Alleged Israel mob boss Yitzhak Abergil pleads guilty in LA
Reputed Israeli crime boss Itzhak Abergil pleaded guilty Monday in a Los Angeles federal court to participating in a large-scale Ecstasy distribution ring, whose members killed an accomplice in Sherman Oaks nine years ago.
His attorney, Mark Werksman, told the Associated Press that as part of the plea agreement, Abergil, 43, will serve a 10-year prison term. Sentencing is set for May 21.
Abergil, his brother Meir, and three associates were extradited by Israeli authorities to Los Angeles 16 months ago.
They have been held in a federal prison facility since, with the exception of Meir Abergil, who was freed last August and returned to Israel, after serving three years in Israeli and American prisons.
In a 77-page, 32-count indictment, and in subsequent statements, U.S. prosecutors charged that the Abergil brothers and their associates ran one of the largest rings importing narcotics into the United States, working with two other drug syndicates, the Jerusalem Network and another in the San Fernando Valley.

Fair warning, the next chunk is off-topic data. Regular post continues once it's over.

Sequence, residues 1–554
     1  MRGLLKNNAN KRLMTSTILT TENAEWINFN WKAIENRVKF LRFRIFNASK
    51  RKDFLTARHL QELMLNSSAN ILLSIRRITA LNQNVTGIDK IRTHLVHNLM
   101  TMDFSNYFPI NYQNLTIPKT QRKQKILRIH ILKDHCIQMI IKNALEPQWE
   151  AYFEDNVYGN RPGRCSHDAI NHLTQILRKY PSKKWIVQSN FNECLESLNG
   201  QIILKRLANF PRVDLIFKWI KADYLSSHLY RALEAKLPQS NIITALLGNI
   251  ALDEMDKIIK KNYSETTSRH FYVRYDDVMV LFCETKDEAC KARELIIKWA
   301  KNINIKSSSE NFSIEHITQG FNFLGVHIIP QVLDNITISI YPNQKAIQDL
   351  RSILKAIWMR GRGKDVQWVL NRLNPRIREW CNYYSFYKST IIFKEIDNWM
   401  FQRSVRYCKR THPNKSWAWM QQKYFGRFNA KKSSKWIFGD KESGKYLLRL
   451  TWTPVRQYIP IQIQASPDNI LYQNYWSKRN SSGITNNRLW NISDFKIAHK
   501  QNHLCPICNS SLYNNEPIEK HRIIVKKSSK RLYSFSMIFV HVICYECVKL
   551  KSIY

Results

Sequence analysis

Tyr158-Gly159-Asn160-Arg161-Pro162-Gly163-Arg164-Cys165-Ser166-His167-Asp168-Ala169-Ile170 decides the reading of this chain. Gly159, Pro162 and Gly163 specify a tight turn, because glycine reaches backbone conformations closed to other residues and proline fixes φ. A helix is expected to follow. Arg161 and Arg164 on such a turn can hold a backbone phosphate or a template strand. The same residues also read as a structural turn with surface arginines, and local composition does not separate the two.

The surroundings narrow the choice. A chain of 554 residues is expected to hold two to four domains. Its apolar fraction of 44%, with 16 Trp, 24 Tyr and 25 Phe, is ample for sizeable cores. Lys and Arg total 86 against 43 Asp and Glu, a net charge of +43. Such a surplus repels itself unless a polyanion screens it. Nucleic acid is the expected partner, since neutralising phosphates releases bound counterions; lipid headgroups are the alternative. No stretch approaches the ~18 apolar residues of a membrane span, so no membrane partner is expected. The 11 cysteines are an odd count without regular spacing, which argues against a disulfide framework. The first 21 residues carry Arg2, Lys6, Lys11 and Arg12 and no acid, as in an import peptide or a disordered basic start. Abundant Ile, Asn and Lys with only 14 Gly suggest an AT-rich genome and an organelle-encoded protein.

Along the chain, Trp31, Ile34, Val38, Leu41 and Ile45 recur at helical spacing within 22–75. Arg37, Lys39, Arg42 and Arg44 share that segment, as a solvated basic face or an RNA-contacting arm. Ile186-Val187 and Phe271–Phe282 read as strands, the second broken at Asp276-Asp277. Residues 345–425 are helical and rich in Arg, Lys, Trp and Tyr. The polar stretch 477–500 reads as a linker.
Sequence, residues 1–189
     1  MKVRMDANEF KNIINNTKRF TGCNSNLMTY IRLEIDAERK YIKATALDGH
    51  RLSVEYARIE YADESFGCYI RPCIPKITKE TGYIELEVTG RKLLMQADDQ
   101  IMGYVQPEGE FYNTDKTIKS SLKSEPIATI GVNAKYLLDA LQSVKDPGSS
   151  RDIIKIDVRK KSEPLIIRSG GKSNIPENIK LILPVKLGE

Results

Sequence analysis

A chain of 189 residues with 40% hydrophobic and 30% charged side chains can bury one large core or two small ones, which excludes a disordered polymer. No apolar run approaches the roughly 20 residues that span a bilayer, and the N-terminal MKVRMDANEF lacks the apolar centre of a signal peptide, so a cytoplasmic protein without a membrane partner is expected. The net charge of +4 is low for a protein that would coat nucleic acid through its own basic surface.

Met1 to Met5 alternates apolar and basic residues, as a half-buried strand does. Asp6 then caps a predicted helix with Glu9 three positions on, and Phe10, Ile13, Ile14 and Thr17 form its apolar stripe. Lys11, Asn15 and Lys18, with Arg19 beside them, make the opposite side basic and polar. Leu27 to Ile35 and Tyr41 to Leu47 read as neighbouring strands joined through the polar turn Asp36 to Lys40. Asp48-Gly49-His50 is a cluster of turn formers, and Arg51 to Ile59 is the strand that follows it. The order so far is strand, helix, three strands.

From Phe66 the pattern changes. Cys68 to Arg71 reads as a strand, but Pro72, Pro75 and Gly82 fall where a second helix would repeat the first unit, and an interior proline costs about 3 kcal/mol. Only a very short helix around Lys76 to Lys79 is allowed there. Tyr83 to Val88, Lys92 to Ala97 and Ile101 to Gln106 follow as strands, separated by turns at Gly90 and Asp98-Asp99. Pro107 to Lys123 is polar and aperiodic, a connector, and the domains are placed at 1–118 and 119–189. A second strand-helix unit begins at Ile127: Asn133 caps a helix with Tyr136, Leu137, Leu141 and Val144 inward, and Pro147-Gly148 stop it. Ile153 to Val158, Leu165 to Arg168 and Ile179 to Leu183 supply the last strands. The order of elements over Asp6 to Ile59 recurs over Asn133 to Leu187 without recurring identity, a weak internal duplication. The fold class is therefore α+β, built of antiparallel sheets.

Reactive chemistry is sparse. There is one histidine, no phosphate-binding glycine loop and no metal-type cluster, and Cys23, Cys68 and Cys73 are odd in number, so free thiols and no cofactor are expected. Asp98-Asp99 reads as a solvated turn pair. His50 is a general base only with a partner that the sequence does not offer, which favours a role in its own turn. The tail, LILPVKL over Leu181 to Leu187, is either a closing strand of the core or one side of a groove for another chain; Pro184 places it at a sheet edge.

Yitzhak Abergil was also charged with racketeering conspiracy in the murder of Sami Atias. In his guilty plea, Abergil said that Atias was killed for stealing a large drug shipment from the gang.
The indictment listed the underworld monikers of the alleged mobsters, with Yitzhak Abergil also known as The Friend, The Big Friend, and the Man from the South.
The three indicted associates are Sasson Barashy, Moshe Malul, and Israel Ozifa (aka Israel the Tall or The Tall One).
Two other defendants, Yoram El-Al (aka The Wounded) and Luis Sandoval (aka Barney Twin or Hog), are fugitives and sought by police.
Israeli courts have rarely agreed to extradite their nationals to other countries, and in this case Israeli and U.S. officials agreed that if the defendants were found guilty, they would not receive the death penalty and would serve any sentences in Israeli prisons.
The Los Angeles Police Department has been concerned with Israeli crime in the city since the 1970s. “Israeli crime here tends to be quite sophisticated and hard to track,” said Captain Greg Hall, commander of the department’s Major Crimes Division in an earlier Journal interview.